From the point of view of nature, humanity is a disaster of the magnitude of past massive extinctions. If we were not as destructive prior to 1900, it is because science was only at its outset; we didn’t have the means, yet. However, if we only understood the “logical fallacy” at the base of our maladaptation, it doesn’t have to be this way.

8 8 8

At this point, I am sure that many of you would like me to expose this “fallacy” buried deep in the foundations of our social nature and the “dialectical pattern” that made me uncover it, but I can’t.  It would mean nothing to you at this point. You would still look at these concepts from your own perspective, and it wouldn’t reveal anything that you would consider crucial to our present crisis. You would only understand all that I would be telling you from the point of view that all your past learning have instilled into you, which, again, is totally based on an error of perspective, like the understanding of the heavens was before Copernicus and Galileo.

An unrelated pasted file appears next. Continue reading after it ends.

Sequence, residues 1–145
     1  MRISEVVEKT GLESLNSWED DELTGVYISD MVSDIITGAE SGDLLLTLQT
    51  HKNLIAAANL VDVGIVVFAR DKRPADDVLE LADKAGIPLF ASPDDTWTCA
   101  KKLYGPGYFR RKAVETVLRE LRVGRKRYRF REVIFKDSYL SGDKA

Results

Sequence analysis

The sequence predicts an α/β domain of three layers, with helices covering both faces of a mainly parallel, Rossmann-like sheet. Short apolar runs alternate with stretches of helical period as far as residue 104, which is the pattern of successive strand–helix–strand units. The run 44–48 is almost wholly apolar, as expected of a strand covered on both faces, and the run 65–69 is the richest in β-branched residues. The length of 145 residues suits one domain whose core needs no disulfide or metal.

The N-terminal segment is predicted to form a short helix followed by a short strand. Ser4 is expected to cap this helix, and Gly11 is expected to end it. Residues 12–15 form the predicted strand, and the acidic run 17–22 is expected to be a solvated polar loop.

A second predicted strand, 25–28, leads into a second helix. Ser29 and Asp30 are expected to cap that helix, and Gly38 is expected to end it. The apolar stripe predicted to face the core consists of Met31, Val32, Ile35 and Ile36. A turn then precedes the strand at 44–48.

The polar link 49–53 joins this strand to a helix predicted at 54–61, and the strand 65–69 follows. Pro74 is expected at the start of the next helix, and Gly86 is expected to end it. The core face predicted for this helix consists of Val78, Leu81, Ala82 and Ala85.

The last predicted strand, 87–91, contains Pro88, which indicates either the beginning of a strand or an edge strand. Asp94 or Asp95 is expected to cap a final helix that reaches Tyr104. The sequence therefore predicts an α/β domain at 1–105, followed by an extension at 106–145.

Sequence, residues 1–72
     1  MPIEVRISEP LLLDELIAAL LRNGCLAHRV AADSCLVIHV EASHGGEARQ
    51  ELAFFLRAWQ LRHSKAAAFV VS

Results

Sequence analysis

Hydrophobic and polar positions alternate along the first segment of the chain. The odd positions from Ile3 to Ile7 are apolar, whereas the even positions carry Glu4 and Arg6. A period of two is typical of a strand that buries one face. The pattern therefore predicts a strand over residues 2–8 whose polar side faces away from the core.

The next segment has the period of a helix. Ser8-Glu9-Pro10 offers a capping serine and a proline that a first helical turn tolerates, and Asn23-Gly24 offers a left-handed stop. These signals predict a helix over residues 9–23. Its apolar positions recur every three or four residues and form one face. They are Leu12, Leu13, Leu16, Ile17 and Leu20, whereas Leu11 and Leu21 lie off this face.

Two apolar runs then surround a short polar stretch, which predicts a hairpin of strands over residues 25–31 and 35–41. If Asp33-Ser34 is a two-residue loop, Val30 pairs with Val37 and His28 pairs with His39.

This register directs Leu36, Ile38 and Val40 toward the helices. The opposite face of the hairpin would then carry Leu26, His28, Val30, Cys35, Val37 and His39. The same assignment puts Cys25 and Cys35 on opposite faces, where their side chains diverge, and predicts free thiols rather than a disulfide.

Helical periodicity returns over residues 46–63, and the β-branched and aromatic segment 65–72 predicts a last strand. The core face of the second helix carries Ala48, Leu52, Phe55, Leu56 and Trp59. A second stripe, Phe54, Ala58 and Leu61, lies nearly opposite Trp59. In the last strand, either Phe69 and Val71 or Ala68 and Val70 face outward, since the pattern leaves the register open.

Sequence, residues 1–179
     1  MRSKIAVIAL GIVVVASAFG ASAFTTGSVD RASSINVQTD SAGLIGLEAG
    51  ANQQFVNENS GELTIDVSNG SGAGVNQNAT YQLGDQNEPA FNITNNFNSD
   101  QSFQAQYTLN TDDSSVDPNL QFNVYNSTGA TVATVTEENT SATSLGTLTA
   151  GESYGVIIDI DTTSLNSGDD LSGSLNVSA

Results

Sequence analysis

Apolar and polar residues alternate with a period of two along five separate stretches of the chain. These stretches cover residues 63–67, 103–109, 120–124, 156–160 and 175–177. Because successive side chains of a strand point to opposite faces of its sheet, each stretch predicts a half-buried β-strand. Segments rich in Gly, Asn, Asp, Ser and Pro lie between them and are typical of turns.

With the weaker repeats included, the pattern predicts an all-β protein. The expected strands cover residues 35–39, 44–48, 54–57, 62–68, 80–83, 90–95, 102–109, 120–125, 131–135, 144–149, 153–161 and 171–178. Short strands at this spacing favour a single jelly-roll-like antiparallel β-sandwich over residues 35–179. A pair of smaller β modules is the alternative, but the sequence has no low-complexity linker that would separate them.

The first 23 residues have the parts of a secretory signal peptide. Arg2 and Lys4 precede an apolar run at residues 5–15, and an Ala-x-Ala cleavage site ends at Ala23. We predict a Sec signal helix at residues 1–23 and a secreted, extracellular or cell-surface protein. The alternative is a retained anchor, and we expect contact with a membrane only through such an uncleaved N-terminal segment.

Our problems today are not with our understanding the behaviour of the planets, the “wanderers” on the background of the stars, though, but with the understanding of our own rational behaviour on the background of nature. To expose to you now what I have learned in the last forty years from my particular unspecialised perspective would be like trying to explain the theory of relativity to medieval scholastic, still believing that the earth doesn’t move and knowing nothing about the relativity of motion. It would be impossible. This is harsh, but unfortunately true. I know. I have many years of experience in such deaf-ear turning.    Here is what I mean: